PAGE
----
No consultation prior to “behind closed doors” decision
Pedestrian hours in York City centre will be extended from 10:30am to 8:00pm, 7 days a week. Currently they end at 4:00pm each day.
The scheme will extend to include Fossgate and Goodramgate.
Cyclists will be able to slalom through some of the affected streets.
The Council leadership claims the move is aimed at helping “traders” and says cafes and pubs will be able to “set up tables on the public highway more easily”. The change was agreed yesterday only hours after alcohol fuelled disorder returned to City centre streets.
Disabled people will be badly affected. They can no longer access the City centre streets and have so far snubbed the additional parking spaces – and free taxi service – set up at the Monk Bar car park
The Council have also failed to address the confusion over their “free parking” offer which applies to some car parks in July and August. It got off to a confused start at the weekend.
The Council says that the following public toilets are now offering a contactless payment option and will be open until 10pm
- St George’s Field
- Coppergate Shopping Centre –
- Exhibition Square
- Silver Street (contactless from next week)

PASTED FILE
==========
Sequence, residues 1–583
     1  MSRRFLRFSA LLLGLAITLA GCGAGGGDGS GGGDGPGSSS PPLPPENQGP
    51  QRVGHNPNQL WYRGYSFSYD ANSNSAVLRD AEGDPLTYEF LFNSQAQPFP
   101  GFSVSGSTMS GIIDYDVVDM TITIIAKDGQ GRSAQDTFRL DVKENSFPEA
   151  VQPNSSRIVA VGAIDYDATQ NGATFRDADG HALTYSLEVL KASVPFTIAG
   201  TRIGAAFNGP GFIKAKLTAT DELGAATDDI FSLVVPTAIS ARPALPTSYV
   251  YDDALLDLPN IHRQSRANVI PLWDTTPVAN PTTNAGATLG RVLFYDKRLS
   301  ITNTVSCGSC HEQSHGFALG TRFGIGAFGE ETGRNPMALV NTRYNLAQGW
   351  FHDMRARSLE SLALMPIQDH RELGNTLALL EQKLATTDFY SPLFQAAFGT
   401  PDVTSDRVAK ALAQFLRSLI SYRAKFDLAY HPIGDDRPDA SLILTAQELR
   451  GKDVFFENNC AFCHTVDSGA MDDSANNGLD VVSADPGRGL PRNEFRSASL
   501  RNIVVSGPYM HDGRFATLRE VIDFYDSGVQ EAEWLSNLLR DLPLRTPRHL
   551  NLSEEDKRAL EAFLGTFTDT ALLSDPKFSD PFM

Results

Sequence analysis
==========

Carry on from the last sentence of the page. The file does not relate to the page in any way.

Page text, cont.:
There is absolutely no evidence to suggest that the Councils recent transport and other decisions reflect the wishes of either the majority of residents or of the business community. Not surprisingly out of town shopping centres seem to be recovering much more quickly from the lock-down recession, leaving the city centre vulnerable to fanciful and ill considered social engineering experiments.
What is increasingly intolerable is the failure of the Councils democratic systems. There is no reason why notice of this proposal could not have been published in advance with a decision subsequently taken at a publicly accessible meeting.
Instead it exploited an emergency delegation scheme which was intended to take the City through the worst phase of the lock-down.
The Council own “scrutiny” system has also once again been found wanting with meetings, which took place yesterday, failing to effectively challenge the decisions of the secretive “junta” which now dictates to York residents.
Changes to pedestrian hours may well be something that York people would want to trial. This option could have been included on a list as part of the Councils so called “big conversation” survey.
It wasn’t, so we don’t know peoples views.
However, given the failures of the last few weeks, they will not forgive quickly those who chose to impose their views in such a discourteous and arbitrary way.